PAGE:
Pirates' Coonelly Plans To Pick Best Player
Regardless Of Representation, Bonus Amount
UPPING THE ANTE: In Newark, Dan Graziano writes high-revenue teams such as the Yankees, Red Sox and Tigers "have decided the draft is a nicer place to spend their money than the free-agent market." The Mets, however, are "one of the high-revenue teams that have not adopted this philosophy, mainly because the team's ownership has preferred to stick to the slotting system." But since the Mets this year have three of the top 33 picks in the draft, GM Omar Minaya yesterday said that the team "might be willing to cough up the cash if they find a player they like" (Newark STAR-LEDGER, 6/5). SI.com's Heyman noted the Yankees in recent drafts have "become the most frequent Boras draft partner, leading to criticism from competitors." One MLB GM said, "There are later rounds where everyone's paying 70 grand and the Yankees give a kid half a million" (SI.com, 6/4). But in Boston, Gordon Edes writes the draft is "still one place in the game where having the most money, while still an advantage, does not guarantee success, that hard work and innovation and passion and a smarter way of evaluating talent can still make a difference" (BOSTON GLOBE, 6/5).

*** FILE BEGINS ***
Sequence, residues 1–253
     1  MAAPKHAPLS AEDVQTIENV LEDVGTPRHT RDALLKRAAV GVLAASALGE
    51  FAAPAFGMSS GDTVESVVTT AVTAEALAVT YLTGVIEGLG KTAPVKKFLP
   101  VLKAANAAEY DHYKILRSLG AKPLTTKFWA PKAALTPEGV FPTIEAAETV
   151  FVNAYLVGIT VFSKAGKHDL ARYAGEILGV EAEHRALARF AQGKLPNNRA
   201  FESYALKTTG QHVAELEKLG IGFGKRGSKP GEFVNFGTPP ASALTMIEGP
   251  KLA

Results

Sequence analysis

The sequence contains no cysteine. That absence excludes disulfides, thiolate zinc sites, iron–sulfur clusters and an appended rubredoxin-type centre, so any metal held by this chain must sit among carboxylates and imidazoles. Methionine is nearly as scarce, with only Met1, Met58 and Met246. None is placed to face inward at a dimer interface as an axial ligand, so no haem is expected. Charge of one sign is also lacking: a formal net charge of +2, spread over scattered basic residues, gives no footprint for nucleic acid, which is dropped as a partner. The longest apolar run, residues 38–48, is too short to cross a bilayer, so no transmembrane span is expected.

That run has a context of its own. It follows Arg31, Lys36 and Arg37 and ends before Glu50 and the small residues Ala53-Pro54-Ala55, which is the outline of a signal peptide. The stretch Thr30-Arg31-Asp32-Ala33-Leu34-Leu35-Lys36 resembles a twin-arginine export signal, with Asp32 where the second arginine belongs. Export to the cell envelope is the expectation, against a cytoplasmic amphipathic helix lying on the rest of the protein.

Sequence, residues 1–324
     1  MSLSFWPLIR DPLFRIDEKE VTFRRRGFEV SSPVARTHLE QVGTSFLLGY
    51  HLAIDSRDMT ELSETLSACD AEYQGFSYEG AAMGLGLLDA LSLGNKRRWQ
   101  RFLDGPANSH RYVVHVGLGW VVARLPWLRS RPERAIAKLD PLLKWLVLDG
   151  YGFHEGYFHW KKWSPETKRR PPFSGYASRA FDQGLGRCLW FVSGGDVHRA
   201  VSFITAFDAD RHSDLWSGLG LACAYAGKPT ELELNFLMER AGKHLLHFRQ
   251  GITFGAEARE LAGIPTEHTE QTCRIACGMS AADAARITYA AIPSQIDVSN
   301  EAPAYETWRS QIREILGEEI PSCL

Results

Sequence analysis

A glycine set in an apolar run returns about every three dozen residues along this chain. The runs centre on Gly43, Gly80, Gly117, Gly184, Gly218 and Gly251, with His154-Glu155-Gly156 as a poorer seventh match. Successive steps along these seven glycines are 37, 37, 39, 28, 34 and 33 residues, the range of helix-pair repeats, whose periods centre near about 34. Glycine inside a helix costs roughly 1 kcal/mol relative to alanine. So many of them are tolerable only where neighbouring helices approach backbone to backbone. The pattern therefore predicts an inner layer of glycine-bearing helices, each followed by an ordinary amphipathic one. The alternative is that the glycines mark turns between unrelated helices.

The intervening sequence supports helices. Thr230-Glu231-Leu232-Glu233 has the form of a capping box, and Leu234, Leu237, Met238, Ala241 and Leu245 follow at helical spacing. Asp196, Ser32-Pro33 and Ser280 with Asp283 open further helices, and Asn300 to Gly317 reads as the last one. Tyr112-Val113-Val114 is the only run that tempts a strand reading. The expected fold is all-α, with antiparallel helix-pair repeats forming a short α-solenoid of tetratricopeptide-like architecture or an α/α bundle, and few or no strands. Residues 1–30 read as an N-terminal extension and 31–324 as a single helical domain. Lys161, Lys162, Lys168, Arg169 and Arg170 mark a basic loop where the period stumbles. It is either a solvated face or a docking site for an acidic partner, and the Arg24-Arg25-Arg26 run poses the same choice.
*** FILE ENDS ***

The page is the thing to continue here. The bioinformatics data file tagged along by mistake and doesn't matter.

HONORING LEGENDS: SI.com's Heyman in a separate piece reported MLB today prior to the draft will "stage a draft of living, former Negro League players." The 30 players who "will be 'drafted' have already been assigned to each of the 30 teams." Heyman wrote the gesture is "about recognizing the on-field achievements and historical relevance of 30 mostly forgotten Negro Leaguer stars." The players who are "in good enough health" to travel to the draft each will receive a stipend, "believed to be about $5,000." But Heyman noted a "bout with over-concerned legal eagles prevented MLB from presenting contracts to the 30 Negro Leaguers" (SI.com, 6/2).